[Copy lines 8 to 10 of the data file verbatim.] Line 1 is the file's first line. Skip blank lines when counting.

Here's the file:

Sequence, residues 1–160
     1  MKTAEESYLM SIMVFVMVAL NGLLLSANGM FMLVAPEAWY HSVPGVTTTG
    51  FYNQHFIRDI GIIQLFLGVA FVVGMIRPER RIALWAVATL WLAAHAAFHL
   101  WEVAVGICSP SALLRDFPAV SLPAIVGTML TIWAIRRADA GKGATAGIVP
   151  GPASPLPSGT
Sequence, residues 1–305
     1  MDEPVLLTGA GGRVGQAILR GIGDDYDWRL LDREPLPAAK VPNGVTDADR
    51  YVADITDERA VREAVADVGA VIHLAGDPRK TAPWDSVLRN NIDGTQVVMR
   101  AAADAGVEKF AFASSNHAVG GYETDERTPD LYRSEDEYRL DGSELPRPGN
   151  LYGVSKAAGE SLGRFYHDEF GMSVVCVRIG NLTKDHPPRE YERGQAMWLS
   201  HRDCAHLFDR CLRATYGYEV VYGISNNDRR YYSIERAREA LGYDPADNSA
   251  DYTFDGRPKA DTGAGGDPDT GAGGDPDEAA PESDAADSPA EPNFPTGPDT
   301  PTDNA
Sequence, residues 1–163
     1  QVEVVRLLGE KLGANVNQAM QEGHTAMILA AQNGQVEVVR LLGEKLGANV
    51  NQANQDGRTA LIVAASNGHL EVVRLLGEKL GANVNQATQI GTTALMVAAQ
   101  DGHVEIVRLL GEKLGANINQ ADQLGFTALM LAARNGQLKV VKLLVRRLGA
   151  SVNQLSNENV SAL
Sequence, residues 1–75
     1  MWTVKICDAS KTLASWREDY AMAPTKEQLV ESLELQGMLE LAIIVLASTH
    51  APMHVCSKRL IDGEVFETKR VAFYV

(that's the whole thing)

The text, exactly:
    51  YVADITDERA VREAVADVGA VIHLAGDPRK TAPWDSVLRN NIDGTQVVMR
   101  AAADAGVEKF AFASSNHAVG GYETDERTPD LYRSEDEYRL DGSELPRPGN
   151  LYGVSKAAGE SLGRFYHDEF GMSVVCVRIG NLTKDHPPRE YERGQAMWLS